This has got to be one of the strangest photos I’ve ever taken. Three weeks ago after visiting Sam A. Baker State Park (and photographing the scorpionfly featured in last week’s One-Shot Wednesday post), my dad and I visited a couple of sand prairie remnants in the Mississippi lowlands of extreme southeastern Missouri. I was hoping to see (and photograph) some individuals of the unique population of Cicindela scutellaris that occurs in that part of the state—apparently disjunct, this populations shows an intergrade of characters typical of subspecies C. s. lecontei to the north and C. s. unicolor to the south. I’ve photographed this population before, but those photographs were taken with a small (though quite good) point-and-shoot camera before I acquired my current dSLR camera setup.
Unfortunately, temperatures were quite cool that day, and no beetles were seen at either of the two locations we visited where I’ve seen good populations in past years. When I don’t find what I’m looking for, I start noticing other things, one of which was this very fresh-looking bee fly (order Diptera, family Bombyliidae) resting on the sandy ground. I’ve not really attempted to photograph many bee flies—they are as skittish and difficult to approach as the tiger beetles I adore but, unlike the latter, not a subject of my research and, thus, harder to justify spending inordinate amounts of time attempting photographs. This one, however, was sitting so nicely on the ground, and with no tiger beetles around to demand my attention I thought I would give it a shot (pun intended!). I carefully assembled my rig and slowly crouched down to attempt a photograph, but before I could get in position the fly spooked and tried to fly away. As it took off, however, it hit a plant and fell to the ground on it’s back. As it laid there,seemingly stunned, I got myself into position and took a quick shot to make sure I had the settings and exposure that I wanted. In that regard, I couldn’t ask for better, but of course what I really wanted was a photograph of the fly right-side up, resting on its feet rather than its back. Just as I was considering what to do next, the fly abruptly righted itself and flew away, leaving me with this single, rather unconventional photograph.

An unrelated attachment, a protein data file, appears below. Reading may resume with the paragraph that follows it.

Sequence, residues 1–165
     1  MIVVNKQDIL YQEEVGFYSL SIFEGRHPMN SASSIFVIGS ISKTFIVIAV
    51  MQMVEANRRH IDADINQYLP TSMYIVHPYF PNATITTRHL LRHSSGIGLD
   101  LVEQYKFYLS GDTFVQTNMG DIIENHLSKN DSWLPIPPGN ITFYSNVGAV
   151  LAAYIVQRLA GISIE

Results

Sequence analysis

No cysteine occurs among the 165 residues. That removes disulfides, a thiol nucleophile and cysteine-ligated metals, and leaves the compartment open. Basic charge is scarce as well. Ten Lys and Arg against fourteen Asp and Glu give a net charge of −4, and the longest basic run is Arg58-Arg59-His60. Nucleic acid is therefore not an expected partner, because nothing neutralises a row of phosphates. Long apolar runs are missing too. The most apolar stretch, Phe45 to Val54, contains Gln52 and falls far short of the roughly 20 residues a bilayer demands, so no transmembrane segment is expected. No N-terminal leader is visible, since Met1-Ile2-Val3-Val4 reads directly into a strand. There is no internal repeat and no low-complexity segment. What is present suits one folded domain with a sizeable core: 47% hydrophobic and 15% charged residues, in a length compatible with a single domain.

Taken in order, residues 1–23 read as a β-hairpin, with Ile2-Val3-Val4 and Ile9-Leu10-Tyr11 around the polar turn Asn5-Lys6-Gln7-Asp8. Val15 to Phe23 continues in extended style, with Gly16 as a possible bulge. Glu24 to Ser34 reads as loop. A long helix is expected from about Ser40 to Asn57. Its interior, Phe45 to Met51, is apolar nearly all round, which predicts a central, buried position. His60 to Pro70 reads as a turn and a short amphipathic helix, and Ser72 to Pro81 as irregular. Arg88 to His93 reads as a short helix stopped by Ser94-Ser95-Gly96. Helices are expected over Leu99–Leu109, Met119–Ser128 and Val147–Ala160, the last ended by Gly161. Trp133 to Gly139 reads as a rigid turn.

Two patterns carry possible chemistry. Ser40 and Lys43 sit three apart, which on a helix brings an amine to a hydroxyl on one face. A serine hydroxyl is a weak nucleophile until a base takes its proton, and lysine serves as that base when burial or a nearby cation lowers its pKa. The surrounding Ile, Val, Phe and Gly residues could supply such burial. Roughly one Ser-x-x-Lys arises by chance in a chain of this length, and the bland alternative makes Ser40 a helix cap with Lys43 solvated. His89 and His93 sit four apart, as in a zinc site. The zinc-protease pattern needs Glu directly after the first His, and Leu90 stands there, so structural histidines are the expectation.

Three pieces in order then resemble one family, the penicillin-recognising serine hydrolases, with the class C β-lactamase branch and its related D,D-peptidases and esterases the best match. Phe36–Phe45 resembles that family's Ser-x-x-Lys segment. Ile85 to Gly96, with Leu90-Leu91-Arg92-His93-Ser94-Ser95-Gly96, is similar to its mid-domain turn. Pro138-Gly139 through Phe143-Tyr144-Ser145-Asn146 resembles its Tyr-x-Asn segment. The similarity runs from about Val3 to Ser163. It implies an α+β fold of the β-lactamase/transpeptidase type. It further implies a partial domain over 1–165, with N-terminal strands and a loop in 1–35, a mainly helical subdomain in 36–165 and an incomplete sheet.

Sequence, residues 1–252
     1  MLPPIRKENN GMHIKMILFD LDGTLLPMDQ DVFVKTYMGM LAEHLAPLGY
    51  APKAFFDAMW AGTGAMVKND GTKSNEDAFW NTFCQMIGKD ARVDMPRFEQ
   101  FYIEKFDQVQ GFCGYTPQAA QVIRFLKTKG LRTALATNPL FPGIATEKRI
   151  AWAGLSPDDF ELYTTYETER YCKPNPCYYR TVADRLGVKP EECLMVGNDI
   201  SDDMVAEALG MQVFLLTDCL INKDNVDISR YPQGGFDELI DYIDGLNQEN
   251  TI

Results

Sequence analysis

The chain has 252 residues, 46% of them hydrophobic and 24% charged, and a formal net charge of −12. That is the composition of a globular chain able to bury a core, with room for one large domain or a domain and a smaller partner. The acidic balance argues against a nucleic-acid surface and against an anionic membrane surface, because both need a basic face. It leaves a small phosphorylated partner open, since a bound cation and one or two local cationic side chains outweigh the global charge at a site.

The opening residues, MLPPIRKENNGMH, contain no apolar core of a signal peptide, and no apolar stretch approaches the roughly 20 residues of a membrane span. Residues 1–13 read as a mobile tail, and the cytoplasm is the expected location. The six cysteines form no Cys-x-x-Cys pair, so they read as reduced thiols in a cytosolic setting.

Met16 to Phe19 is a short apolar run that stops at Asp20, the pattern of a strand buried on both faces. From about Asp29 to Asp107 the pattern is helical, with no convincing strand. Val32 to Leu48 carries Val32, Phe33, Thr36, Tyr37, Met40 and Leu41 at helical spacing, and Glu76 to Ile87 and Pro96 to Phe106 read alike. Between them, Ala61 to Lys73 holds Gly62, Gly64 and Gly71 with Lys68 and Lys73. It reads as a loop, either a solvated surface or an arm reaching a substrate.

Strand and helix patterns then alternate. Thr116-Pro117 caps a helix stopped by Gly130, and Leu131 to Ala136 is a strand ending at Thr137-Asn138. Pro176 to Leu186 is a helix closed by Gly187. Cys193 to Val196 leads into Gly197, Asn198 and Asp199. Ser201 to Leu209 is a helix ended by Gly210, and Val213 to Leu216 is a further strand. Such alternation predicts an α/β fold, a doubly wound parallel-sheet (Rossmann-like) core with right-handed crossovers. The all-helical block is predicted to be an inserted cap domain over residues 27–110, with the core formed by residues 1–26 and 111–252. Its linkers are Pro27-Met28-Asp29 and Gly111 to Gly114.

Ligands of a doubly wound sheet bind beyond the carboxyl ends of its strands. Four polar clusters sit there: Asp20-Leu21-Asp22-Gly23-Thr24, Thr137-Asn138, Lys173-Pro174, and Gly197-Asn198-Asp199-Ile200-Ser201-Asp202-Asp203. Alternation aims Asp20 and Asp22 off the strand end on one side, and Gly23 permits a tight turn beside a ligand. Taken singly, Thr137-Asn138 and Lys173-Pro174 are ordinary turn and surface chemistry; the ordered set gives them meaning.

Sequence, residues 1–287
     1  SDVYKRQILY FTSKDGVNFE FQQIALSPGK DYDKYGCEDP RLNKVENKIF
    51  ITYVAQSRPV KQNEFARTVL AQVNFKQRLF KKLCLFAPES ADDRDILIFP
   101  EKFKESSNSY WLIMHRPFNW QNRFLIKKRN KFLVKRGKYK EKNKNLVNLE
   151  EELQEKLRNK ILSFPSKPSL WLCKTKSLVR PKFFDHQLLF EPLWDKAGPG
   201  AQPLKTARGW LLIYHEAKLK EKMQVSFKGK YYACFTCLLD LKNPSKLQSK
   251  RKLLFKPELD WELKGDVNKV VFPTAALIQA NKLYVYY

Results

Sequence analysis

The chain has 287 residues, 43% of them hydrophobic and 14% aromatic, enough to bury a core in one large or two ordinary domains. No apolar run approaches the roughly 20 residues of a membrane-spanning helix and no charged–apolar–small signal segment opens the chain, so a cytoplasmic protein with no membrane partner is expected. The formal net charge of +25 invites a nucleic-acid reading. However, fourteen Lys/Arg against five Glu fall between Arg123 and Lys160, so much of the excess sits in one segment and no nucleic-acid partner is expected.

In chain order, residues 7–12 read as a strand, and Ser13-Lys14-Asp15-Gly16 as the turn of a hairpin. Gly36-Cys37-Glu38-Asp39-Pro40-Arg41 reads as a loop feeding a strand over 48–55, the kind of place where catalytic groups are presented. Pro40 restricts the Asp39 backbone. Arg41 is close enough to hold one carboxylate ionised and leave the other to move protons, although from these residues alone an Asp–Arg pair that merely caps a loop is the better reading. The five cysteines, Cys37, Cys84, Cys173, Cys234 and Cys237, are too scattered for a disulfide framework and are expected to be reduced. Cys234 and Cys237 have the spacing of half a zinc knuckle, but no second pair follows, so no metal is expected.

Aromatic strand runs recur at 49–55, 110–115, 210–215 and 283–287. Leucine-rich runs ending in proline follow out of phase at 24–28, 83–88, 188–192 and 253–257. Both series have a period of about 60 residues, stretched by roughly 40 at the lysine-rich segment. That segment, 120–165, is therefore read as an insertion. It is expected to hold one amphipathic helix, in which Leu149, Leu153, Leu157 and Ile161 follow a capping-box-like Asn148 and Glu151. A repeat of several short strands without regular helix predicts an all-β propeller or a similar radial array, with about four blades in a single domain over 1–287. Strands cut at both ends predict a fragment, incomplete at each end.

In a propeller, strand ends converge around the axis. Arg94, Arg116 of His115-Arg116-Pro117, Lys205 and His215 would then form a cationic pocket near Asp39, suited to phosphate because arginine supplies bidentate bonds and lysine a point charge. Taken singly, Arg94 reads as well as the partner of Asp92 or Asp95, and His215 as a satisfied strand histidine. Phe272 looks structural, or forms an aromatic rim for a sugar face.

After perusing the bee fly pages at BugGuide, I was fairly certain this was something in the tribe Bombyliini, with the genera Bombylius and Systoechus being the likeliest candidates. Apparently the location of the r-m vein on the wing is an important distinguishing character between these genera, but I wasn’t quite sure about its location on the wing in this photograph. Nevertheless, some of the comments under the different species in these two genera suggested that members of Bombylius tend to be active as adults in the spring, while those of Systoechus tend more towards fall. I sent the photo to dipterist Joel Kitts at University of Guelph for his opinion—he confirmed that it belonged to the genus Bombylius and suggested its appearance was consistent with that of B. mexicanus—many thanks Joel!
Copyright © Ted C. MacRae 2012